Planet of the Arabs
Tags: discourse/language, gender, media, nationalism, race/ethnicity, social construction, culture, masculinity, orientalism, othering, representation, 06 to 10 mins
Summary: The caption below this trailer-esque, YouTube montage by Jaqueline Salloum describes it as exposing "Hollywood's relentless vilification and dehumanization of Arabs and Muslims." Much like the Avatar video remix, also posted on The Sociological Cinema, "Planet of the Arabs" works as a media literacy tool for deconstructing how the Arab or Muslim Other is portrayed in mainstream media. The clip draws footage from varied sources, ranging from James Cameron's action-packed "True Lies" to an episode of Jim Henson's playful creation, "The Muppet Show." The clip demonstrates that Arabs and Muslims are consistently depicted as religious fanatics, perpetual terrorists, backwards, and irredeemably tribal. While Instructors can certainly ask students to articulate these representations, they can also press students to contemplate how these depictions of Arabs and Muslims help construct an American national identity. At about 2 minutes, the remixed clip echoes the idea that "they are attacking our way of life." In other words, the media consistently propagates the idea that the Muslim or Arab terrorist is not only a threat to life, but also Western civilization. Taking the analysis a bit further, students can be asked to consider how these depictions of Arabs and Muslims are simultaneously about constructing not only an American identity, but an American masculine identity. In several places, one sees how an American masculinity, characterized by stoicism and poise, is set in direct contrast to an irrational, Islamic fanatic or an incompetent Arab buffoon. As Salloum suggests, the clip might work well with Jack Shaheen's book, Reel Bad Arabs, which reviews the Arab and Muslim stereotypes in 900 films and was researched over a period of 20 years. The clip would also work well in tandem with Edward Said's landmark book, Orientalism.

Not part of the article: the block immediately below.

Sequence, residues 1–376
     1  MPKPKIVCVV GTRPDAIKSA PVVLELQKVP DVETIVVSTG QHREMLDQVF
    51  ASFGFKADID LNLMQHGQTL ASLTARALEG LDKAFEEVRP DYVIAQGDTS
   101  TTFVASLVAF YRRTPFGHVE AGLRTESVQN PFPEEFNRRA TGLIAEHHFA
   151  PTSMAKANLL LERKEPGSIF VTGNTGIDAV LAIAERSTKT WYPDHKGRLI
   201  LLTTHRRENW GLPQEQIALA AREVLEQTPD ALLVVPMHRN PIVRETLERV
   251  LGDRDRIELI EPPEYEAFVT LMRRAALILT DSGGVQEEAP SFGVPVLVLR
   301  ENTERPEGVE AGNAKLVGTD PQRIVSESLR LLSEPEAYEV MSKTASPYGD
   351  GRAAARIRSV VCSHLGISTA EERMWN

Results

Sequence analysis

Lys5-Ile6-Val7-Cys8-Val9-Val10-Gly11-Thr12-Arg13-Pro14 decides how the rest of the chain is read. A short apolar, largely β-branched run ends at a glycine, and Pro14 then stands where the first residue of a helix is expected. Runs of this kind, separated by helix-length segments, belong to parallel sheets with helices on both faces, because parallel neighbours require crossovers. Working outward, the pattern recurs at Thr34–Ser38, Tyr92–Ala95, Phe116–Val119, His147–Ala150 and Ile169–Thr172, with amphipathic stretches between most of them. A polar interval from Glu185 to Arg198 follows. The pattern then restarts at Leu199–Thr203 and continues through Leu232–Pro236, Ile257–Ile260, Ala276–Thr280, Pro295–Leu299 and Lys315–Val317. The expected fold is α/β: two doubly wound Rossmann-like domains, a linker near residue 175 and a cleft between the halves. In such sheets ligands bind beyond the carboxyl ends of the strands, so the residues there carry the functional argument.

Submitted By: Lester Andrist
7/16/2012 03:54:19 am
The poster connected to your site that reads "Blaming Islam for Terrorism is like Blaming Christianity for Colonialism... Stop Islamophobia!" is not a good analogy. In fact, Christianity (and other religions) often go hand in hand to pacify, manipulate, and control indigenous peoples. Missionaries when hand-in hand with colonizers not to enlighten people, but to help enslave them. So by the poster's logic, blaming Islam for terrorism IS equal to blaming Christianity for colonialism..
7/16/2012 05:57:59 am
L.Turner: I respectfully think you're missing the analogy boat a bit....your own logic proves the poster's point. Missionaries are the people who act to force specific beliefs and practices of Christianity on others. It is not the religion itself but the people who view themselves as agents of power/change/even "good will" or those who adopt to take 'extreme action' in the name of their own version of a religion (extremists or terrorists). Where you stand depends on where you sit....
7/17/2012 11:41:31 pm
Mr. Turner you are correct. Currently I am reading through old Missionary documents to find some information regarding Sri Lanka (then Ceylon). I can quote from their own writings they came to force people to their religious beliefs. They may not be so aggressive like the Muslims but what matters is the motive and the act.
8/9/2012 08:13:14 pm
Which film does the third clip from the end come from?
8/28/2012 01:02:52 am
Dear L. Turner,
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